Ghent, strategically located at the confluence of the Lys and Scheldt Rivers was a powerful trading city during the medieval times, boomed during the industrial revolution starting in the 18th century, and today is Belgium’s largest student town. The dynamic city of Ghent is refreshing and trendy, while being full of history as highlighted by its varied architecture encompassing over a millennium, its contrasted art from the classic Flemish Primitive masters to funky street art, picturesque canals and gardens, authentic markets, excellent restaurants and great nightlife: an ideal off the beaten path city for the perfect eclectic city trip. In this article we list our must-do’s and reveal some hidden gems for you to craft your perfect 3-day itinerary in the vibrant capital of East Flanders.

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Two people walking through the colourful graffiti street in Ghen, Belgium

Brief history of Ghent, the rebellious city of Flanders

Text: Claire Lessiau & Marcella van Alphen
Photographs: Claire Lessiau & Marcella van Alphen

For years, Ghent has remained Belgium’s best kept secret. In the shade of fairytale Bruges, only half-an-hour away, Ghent used to be overlooked. Big mistake! If Bruges seems frozen in time back during the Middle Ages, Ghent is a vibrant city with a rich medieval past and architecture, but also an industrial heritage. Today, the lively student town is a destination you don’t want to miss… To fully appreciate this lovely city, take this brief travel through time and be amazed!

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The Adoration of the Lamb by the Van Eycks

Decoding the great Flemish Primitive Jan van Eyck [Bruges & Ghent]

Text: Claire Lessiau
Photographs: Marcella van Alphen & Claire Lessiau

The stunning realism, numerous details and vivid colours of Jan van Eyck’s paintings give them an irresistible appeal that makes the Flemish Primitive an undisputed master who revolutionized European art and is still one of the most revered artists to this day. One of the founders of Flemish painting, his style was unique and has inspired many. His technique was so innovative that he is still often considered – wrongly – as the inventor of oil painting. Travelling to both Bruges and Ghent is the best way to learn more about Jan van Eyck, admire his most acclaimed masterpieces and rediscover his art and genius thanks to state-of-the-art technologies.

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Reflections at the Dijver at night in Bruges, Belgium

Bruges’ glorious past & ever-lasting charm

Text: Claire Lessiau
Photos: Marcella van Alphen & Claire Lessiau

In the Middle Ages, Bruges was the centre of the trading world living its Golden Age in the 15th century: exotic products, precious stones and pigments, spices and expensive goods were exchanged from all corners of the world. This is where the stock exchange got its name, and the cradle of the Flemish Primitive painters. Dig into its history to enjoy one of the cutest European towns even better!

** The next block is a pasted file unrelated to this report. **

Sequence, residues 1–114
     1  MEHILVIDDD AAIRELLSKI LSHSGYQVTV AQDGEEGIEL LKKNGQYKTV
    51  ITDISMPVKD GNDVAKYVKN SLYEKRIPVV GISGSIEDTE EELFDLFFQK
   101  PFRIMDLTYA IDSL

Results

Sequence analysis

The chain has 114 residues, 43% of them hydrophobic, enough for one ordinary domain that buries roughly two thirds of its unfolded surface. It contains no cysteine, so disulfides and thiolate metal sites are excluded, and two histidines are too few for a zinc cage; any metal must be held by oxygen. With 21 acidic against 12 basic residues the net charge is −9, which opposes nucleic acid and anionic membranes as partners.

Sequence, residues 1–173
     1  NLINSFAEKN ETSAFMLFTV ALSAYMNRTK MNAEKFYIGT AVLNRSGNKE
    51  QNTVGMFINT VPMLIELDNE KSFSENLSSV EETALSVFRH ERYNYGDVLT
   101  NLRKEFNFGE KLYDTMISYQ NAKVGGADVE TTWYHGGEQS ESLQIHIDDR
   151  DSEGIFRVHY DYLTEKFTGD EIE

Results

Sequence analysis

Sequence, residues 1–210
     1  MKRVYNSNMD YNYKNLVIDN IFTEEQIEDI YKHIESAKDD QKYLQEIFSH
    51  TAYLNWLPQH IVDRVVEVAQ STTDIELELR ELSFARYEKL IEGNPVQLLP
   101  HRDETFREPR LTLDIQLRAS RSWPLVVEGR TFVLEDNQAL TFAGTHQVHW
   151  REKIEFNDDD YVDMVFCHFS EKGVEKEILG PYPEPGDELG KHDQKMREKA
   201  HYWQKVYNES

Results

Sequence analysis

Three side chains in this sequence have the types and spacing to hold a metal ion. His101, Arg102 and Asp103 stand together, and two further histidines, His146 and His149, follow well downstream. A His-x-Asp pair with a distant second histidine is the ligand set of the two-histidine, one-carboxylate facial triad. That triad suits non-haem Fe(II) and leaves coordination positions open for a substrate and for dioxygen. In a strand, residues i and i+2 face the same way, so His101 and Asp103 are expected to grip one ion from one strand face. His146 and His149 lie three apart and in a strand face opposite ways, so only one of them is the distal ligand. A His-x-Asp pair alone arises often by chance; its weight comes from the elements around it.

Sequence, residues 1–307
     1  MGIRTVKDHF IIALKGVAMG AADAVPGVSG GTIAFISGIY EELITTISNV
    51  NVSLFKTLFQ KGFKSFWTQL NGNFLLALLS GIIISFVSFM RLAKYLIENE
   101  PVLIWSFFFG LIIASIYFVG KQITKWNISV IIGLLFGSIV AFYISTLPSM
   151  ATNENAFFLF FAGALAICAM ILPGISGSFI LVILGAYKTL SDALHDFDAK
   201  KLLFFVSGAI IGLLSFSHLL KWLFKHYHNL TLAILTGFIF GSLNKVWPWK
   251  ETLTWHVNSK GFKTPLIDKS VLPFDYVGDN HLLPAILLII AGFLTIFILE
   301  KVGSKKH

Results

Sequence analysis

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Canal with the medieval Butcher's Hall, Ghent, Belgium

Food & drinks to try in Ghent

Text: Marcella van Alphen
Photographs: Claire Lessiau and Marcella van Alphen

Belgian gastronomy is too often summed up to beer, chocolate and waffles. There is a lot more to it, and Ghent is the perfect city to explore the wide range of yummy foods and innovative drinks! On top of this, its vibrant student life makes Ghent’s nightlife lively and a forerunner for vegetarian and even vegan fares in Belgium.

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Wild leopard sleeping in a tree at sunset in South Africa

Leopards facts – how & where to spot them in the wild [Africa’s Big 5 series]

Article updated on May 3, 2021
Text: Marcella van Alphen
Photographs: Claire Lessiau & Marcella van Alphen
Note: all photographs taken in the wild & available in high definition upon request. All rights reserved.

I am hiking in the mountains of the Cederberg, a remote area a couple of hours away from Cape Town, South Africa, known for its magnificent stargazing, and not so much for its safaris. I have just spotted some fresh tracks in the sand though. It is broad daylight and I am following them. They lead me to some dung along the track: it is rather fresh and contains some rodent bones and hair… It is what I thought: I am not alone. These grounds used to be populated by many more wild animals, but here Africa’s most feared predators have been wiped out but for one of them which has been adapting extremely well despite habitat loss: the leopard.

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Taking in The Death Cleopatra by Giovan Francesco Barnieri in the Palazzo Bianco, Genoa

72 hours in Genoa [your guide to experience the city]

Text: Claire Lessiau & Marcella van Alphen
Photos: Claire Lessiau & Marcella van Alphen